Purpose: To determine whether plasma low-density lipoprotein (LDL) could be internalized by the RPE and which receptors may be involved. A secondary objective was to determine whether ARPE19 cells could be used as a model to investigate cholesterol processing in the RPE.
Methods: Commercially available human LDL was labeled with rhodamine or AlexaFluor 568. Immunofluorescence was performed using commercially available antibodies to LDL-R, CD36, and LOX-1. Cells and tissues were imaged using epifluorescence and confocal fluorescence microscopy. Immunoblot analysis and RT-PCR were performed using published techniques.
Results: Intravenously injected rhodamine-labeled LDL (rhoLDL) was detected in the rat RPE by fluorescence confocal microscopy 24 hours after injection. The rhoLDL was present in some areas and absent in others. Cultured ARPE19 cells were also found to internalize LDL and oxidized LDL (oxLDL) readily. Using AlexaFluor 568-labeled LDL we determined that the average cultured RPE cell could internalize approximately 12 to 16 pg of LDL and oxLDL in 24 hours. Immunoblots readily detected the presence of CD36 and LDL-R in the cultured RPE cells but not LOX-1, whereas RT-PCR detected mRNA for all three receptors. Dual-labeling experiments using AlexaFluor 568-labeled LDL and AlexaFluor 488 for the immunolocalization of the receptors showed colocalization of LDL-R with the internalized LDL and CD36 with oxLDL particles.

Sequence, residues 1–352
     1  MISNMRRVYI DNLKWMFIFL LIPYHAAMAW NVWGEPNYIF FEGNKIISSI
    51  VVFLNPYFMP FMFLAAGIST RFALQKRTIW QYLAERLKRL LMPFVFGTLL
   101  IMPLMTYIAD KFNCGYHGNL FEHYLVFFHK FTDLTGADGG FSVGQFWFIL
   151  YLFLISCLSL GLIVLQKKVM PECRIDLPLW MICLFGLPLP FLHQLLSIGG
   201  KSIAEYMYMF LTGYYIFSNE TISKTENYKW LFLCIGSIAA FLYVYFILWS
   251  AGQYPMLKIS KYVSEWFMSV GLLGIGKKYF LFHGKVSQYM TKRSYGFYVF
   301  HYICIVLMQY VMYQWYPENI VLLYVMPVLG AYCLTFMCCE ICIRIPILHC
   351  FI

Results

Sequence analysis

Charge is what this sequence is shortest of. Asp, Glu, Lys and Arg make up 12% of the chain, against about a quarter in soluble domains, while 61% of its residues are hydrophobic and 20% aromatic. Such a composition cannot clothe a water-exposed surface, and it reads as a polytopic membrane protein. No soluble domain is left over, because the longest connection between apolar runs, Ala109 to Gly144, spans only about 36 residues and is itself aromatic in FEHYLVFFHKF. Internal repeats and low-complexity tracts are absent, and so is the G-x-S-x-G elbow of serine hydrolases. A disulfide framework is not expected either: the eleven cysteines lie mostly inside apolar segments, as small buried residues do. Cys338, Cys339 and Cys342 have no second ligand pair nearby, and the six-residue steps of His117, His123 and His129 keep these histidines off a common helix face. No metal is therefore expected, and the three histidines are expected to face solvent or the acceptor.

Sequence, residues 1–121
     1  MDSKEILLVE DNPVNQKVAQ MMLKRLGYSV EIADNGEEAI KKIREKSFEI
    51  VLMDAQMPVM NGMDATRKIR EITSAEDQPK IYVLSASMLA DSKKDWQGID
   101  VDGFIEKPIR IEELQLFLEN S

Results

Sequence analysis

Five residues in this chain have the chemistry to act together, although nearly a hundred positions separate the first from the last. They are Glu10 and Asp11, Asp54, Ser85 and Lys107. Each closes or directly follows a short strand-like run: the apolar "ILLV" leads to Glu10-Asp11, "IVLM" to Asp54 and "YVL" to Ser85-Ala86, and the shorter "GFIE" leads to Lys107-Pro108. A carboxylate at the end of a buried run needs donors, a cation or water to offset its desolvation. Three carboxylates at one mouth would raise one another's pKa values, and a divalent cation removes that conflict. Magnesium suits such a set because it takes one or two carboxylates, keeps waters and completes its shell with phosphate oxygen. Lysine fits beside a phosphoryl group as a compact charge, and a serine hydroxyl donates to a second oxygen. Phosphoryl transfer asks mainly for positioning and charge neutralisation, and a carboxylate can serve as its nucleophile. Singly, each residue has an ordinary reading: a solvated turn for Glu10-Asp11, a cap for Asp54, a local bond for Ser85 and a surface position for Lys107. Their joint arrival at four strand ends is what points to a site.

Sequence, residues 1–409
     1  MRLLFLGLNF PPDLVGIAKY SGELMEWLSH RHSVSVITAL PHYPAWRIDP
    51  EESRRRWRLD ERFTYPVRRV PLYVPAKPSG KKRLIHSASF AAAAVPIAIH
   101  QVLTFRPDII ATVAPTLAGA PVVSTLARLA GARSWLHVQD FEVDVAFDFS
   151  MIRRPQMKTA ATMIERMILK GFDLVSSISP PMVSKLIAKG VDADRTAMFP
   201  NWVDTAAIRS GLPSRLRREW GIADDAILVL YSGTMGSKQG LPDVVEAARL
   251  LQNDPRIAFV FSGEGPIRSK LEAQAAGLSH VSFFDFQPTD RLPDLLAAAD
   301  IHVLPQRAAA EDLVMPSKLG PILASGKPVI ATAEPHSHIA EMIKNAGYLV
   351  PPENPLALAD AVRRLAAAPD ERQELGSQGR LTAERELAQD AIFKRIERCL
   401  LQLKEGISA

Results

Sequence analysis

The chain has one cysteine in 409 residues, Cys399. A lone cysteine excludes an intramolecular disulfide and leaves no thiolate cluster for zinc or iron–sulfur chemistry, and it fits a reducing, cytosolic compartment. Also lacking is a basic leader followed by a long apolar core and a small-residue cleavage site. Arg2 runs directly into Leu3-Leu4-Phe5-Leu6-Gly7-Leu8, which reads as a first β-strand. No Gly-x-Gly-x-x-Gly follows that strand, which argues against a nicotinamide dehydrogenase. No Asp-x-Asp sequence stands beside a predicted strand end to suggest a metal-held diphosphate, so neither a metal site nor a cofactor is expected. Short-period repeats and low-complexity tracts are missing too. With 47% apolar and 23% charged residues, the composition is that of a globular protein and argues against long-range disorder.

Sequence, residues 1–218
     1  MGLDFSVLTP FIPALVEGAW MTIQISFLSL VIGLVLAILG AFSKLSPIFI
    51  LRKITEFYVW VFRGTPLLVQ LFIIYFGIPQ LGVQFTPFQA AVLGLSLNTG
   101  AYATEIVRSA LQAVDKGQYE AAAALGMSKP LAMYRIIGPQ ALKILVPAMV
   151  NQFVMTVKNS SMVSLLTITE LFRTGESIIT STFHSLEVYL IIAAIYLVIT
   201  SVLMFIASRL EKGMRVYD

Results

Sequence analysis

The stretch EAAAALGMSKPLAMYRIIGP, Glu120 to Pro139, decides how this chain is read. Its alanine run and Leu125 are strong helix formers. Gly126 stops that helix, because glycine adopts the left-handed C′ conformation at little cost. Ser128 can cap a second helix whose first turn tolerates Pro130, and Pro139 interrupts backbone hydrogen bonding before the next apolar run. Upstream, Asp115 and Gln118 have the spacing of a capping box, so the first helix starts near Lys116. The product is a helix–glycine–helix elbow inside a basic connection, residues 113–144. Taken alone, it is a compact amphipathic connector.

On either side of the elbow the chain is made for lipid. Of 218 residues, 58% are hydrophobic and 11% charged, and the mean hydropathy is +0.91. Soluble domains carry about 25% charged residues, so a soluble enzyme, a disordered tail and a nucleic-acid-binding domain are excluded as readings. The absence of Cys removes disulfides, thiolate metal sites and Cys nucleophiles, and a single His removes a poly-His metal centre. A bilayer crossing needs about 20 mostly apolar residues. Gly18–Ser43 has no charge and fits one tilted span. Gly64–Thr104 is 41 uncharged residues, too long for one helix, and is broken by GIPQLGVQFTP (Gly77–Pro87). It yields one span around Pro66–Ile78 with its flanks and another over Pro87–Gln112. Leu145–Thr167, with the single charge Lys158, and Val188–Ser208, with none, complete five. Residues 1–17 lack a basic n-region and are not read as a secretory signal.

Conclusions: Plasma LDL readily enters the RPE through the choriocapillaris but is not found homogeneously throughout the retina. This may suggest some form of regulation to the permeability of the fenestrated choroidal endothelial cell junctions. ARPE19 cells are a good model for studying the internalization mechanisms of LDL and oxLDL in vitro. LDL may be used as a vector to carry hydrophobic molecules into the RPE.